The terrorist attack last Wednesday was the result of white man who was formed by white American racism – a particularly pernicious form of hatred that infects all white people and continues to murder a countless number of black people. South Carolina Gov. Nikki Haley was wrong when she told the Today Show, “There is one person to blame here. A person filled with hate. A person that does not define South Carolina and we are going to focus on that one person.”

I love South Carolina. The people of Charleston are some of the nicest I’ve ever met. But, as John Stewart pointed out last week, that “one person” who shot nine people in a church was formed by a state where “the roads that black people drive on are named for Confederate generals, who fought to keep black people from being able to drive freely on that road.” That’s how white racism works to devalue black lives in the United States.

And white people can no longer afford to deny the violent racism that infects our lives. Rather, we must take responsibility for it. The first thing we need to do is to name it. Yes, name it in people like the terrorist who killed the nine people at Emmanuel last Wednesday. Name it in our political, economic, and entertainment systems that propagate and benefit from racist structures. For example, did you know that currently, “the U.S. has a greater wealth gap between whites and blacks than South Africa did during apartheid?” Name it for the sinful, demonic structure that it is.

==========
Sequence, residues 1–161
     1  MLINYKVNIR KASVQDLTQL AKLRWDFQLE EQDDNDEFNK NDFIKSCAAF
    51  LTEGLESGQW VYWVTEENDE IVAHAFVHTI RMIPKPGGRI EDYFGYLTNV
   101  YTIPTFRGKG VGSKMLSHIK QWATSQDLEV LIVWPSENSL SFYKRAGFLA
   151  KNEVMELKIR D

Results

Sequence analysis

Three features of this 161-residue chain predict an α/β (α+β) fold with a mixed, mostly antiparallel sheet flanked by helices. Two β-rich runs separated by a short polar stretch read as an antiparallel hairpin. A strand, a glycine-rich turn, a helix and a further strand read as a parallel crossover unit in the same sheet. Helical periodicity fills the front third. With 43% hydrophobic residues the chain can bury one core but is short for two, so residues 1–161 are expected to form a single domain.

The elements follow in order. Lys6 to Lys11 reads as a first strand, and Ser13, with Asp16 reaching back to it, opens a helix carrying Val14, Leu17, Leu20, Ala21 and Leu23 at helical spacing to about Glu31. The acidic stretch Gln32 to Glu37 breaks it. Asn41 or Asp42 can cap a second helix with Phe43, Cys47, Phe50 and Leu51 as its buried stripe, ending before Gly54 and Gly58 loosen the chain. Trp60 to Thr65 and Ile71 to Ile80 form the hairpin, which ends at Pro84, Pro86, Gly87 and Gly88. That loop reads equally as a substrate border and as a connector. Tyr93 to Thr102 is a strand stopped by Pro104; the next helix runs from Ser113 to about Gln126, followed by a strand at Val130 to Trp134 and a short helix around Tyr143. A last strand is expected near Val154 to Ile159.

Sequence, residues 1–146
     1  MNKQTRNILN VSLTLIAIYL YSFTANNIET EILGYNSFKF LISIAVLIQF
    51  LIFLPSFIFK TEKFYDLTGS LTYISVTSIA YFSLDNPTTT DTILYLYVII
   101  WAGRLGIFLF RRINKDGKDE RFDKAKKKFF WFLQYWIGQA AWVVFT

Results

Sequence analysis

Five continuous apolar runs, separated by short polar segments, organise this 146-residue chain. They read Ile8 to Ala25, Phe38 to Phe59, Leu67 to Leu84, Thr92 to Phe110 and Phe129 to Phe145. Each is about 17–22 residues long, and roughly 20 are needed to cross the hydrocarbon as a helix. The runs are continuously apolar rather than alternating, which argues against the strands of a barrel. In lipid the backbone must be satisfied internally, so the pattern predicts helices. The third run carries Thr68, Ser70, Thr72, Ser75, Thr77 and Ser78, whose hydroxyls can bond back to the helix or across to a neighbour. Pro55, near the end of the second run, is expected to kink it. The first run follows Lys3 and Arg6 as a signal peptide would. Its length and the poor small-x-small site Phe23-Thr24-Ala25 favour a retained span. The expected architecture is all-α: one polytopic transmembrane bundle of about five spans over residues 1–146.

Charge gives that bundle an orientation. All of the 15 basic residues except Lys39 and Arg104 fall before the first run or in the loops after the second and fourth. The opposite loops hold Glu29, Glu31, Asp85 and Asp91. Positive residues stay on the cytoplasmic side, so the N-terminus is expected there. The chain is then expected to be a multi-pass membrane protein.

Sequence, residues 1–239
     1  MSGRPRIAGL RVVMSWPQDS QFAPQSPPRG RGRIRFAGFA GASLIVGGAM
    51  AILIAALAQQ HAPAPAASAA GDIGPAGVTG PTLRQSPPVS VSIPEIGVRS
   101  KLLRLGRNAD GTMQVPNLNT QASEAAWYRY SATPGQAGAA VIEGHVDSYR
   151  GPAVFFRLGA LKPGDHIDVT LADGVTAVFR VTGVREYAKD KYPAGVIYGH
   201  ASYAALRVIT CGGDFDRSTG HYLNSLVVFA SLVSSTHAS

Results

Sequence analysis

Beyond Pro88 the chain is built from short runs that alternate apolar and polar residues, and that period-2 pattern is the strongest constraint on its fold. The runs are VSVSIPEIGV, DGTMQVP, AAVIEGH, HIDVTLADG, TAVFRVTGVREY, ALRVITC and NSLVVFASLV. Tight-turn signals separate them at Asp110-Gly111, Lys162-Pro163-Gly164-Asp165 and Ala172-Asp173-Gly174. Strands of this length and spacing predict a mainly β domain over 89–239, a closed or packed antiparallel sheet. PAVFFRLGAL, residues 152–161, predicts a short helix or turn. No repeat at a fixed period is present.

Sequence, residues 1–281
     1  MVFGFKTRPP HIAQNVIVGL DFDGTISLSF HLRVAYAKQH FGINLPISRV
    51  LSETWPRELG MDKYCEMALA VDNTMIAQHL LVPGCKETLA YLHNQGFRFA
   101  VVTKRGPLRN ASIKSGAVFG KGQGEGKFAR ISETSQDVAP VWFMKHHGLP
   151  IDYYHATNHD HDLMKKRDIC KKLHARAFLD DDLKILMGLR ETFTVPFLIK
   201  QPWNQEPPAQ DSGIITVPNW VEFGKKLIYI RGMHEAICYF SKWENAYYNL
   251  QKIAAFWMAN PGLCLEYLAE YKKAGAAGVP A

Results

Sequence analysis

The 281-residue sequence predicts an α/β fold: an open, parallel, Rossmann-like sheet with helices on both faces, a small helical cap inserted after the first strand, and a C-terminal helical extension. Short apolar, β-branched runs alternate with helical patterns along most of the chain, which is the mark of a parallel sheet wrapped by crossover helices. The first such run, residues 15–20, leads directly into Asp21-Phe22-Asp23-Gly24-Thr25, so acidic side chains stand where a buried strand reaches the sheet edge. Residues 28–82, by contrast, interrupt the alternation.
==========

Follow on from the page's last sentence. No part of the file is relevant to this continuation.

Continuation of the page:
But just as important, name the racism that infects you. It’s not helpful to just name racism in others if we don’t also take responsibility for the racism within each of us. Name it in yourself so that you can repent from it. And once you repent from it, name it again and again. Racism is so embedded in our culture that its evil will surely return to our lives.

As you name it, let the scales of white supremacy and privilege that blind you from America’s structures of racism fall from your eyes. Work to change the oppressive racist politicaleconomic, and educational systems that permeate our country. Read The New Jim Crow by Michelle Alexander. Read up on Tim Wise. And as you do the personal work of repenting from the racism that infects you, seek friendships with African Americans. Listen to what they have to say about their experience of living in the U.S.

We can no longer afford to deny the racism that infects white America. It’s time that we dismantle the racism that permeates our cultural systems and our personal lives. Otherwise we will doom our black brothers and sisters to more white terrorist attacks.

Yours truly,

Adam Ericksen

Adam Ericksen

Adam Ericksen blogs at the Raven Foundation where he uses mimetic theory to provide social commentary on religion, politics, and pop culture. Like his Facebook page Adam Ericksen – Public Theologian and follow him on Twitter.